“You are fortunate to have me here at all. A servant had to hunt me down at Meyer’s. Next time send your order of appearance earlier. Now, scoot over and remove your dusty boots from my bench.”

“I will scoot,” Richard drawled, “but I am terribly comfortable stretched out, so you will have to suffer the boots. I wiped the muck off and a little dust will not kill you.”

“If it does, I vow to haunt you.” Darcy slid into the bench across the table from the colonel, then motioned to a passing waiter. Once his order was placed, he bobbed his chin Richard’s direction. “No uniform today. Did they finally discover your limitations and toss you out of the army?”

“I am incognito. Actually, I am a notorious spy blending in with the common folk for an ultra-secret mission for the Crown. Quite heroic and dangerous. Are you impressed?”

“Exorbitantly. I always suspected York’s a hideout knee-deep in traitors of the King.”

“The world is a strange place, Darcy.”

“Is this drivel practice for captivating women? Or is your ‘news’ that you are fully delusional?”

“Neither, although the women angle has potential. Thanks, Cousin!”


*  ~  *  ~  *


At that exact moment, the bell tower clock struck the eleventh hour, the clangs initially drowning out the sound of music growing louder. The enormous black doors of solid oak and metal marking the main entrance to the palace, which they had so recently passed by to access the Colour Court, were thrown open. The sounds of instruments and marching feet echoed down the tunnel, reaching the excited spectators long before they could see anything.

“The new guard musters in Friary Court, located to the south, on the other side of that building.” Darcy pointed to the three-story high, red brick wing to the right of where they stood. “They march up the alley, past Marlborough House, around the corner, and along Pall Mall before entering through the main gate. They are, as you can now see, led by a contingency of the Coldstream Guards Regimental Band.”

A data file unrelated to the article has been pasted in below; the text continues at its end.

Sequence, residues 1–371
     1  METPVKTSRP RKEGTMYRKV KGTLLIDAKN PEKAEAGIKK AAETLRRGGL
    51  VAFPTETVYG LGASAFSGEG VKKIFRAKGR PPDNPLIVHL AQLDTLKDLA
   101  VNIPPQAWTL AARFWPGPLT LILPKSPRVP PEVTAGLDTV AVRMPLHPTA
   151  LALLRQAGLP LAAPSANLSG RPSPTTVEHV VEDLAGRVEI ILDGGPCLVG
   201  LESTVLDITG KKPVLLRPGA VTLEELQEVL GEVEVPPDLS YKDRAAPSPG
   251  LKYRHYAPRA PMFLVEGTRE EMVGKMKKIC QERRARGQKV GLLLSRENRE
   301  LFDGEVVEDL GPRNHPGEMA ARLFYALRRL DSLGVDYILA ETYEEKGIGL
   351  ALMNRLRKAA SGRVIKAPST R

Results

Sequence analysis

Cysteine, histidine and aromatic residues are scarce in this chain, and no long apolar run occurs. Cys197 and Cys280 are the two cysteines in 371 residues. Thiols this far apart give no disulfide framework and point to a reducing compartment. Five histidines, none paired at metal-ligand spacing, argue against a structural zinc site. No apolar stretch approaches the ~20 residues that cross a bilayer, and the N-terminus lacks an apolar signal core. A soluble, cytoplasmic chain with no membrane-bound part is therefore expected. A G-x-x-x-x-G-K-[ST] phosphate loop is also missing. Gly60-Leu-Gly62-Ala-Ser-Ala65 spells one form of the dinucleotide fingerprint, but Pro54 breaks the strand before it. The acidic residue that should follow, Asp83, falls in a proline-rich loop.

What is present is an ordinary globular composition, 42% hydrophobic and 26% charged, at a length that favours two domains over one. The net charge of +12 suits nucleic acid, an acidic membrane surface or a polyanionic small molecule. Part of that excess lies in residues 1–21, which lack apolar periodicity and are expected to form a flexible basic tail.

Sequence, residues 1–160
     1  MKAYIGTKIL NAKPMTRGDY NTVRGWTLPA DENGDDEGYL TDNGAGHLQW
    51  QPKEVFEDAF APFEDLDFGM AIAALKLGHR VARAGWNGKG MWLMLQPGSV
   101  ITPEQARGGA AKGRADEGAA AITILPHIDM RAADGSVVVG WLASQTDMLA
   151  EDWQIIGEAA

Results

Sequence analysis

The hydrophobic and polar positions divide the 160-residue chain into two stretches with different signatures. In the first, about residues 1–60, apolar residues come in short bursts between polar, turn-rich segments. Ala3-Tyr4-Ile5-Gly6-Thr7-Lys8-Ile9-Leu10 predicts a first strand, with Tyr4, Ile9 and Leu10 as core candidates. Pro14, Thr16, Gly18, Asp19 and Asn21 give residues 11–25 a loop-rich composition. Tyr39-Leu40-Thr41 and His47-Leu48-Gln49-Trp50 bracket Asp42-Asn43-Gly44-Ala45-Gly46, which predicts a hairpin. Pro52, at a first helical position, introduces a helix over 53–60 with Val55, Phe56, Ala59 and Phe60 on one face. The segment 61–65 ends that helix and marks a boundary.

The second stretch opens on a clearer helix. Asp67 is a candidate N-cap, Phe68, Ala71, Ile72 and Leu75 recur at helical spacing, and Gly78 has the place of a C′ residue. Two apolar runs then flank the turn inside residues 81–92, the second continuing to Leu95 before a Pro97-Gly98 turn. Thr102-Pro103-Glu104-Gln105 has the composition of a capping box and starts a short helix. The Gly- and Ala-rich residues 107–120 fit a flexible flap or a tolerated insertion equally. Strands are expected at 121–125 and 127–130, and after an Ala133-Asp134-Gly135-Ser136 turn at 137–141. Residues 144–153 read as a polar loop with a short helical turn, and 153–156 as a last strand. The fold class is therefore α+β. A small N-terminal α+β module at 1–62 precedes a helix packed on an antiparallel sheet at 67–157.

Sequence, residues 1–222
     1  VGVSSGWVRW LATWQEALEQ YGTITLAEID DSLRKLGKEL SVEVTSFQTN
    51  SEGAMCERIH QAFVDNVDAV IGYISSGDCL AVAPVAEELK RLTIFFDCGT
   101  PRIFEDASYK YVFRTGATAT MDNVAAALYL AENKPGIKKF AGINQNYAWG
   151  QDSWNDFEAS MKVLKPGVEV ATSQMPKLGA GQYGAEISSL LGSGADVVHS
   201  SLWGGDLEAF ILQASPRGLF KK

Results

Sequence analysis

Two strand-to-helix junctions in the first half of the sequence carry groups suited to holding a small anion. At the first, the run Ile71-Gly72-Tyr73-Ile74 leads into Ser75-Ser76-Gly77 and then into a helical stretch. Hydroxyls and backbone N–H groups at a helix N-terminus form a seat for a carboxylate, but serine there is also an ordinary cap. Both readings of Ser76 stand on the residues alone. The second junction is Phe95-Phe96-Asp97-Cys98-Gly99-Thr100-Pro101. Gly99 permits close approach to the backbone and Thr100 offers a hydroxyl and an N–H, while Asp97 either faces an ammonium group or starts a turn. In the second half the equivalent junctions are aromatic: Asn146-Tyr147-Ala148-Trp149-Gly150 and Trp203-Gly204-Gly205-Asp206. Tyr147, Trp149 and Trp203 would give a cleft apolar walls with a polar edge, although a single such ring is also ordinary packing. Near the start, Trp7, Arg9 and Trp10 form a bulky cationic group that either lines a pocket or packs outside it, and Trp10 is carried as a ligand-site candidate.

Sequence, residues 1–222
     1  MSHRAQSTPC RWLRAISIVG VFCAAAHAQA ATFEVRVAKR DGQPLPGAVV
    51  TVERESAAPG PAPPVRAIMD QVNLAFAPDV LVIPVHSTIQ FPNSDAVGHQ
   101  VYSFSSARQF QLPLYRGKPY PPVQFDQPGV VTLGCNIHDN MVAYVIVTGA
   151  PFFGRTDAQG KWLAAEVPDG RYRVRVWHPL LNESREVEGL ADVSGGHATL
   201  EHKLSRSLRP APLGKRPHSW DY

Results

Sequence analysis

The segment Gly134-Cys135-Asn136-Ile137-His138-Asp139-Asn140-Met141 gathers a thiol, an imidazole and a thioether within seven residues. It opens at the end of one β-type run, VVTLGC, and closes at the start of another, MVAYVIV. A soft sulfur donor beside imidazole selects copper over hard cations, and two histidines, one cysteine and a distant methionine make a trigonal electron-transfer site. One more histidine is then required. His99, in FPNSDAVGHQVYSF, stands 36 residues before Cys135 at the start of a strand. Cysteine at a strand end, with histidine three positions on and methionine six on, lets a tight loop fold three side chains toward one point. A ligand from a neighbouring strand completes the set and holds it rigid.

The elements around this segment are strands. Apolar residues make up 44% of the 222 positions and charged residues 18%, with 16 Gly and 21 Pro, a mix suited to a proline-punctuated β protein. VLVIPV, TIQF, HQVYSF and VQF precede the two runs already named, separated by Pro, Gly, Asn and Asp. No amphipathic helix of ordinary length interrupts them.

Indeed, all the spectators could now see the leader of the parade. Lizzy’s breath caught as others released gasps and exclamations of awed enthusiasm for his august presence, as well as the personages immediately behind him.

The drum major wore a stunning uniform of scarlet and gold, his chapeau decorated with a profusion of feathers. Behind, in timed-step, were four musicians of African heritage, two with tambourines and two with cymbals. Exotic faces with skin and eyes black as night, they wore magnificent Turkish costumes of white and silver with billowing muslin trousers, vests in scarlet velvet adorned with fringe and tassels, and white muslin turbans festooned with red plumes and jewels.

The quality of their performance was equally as impressive as their appearance. While not a musical aficionado, Lizzy had seen enough minstrels and orchestras in her life to recognize something special was happening before her awestruck eyes. The ability to play an instrument with skill was an essential factor that lifted one artist above another. However, transcendent mastery meant instrumental excellence in conjunction with an exceptional flair for performance. The Coldstream band was irrefutably in this category.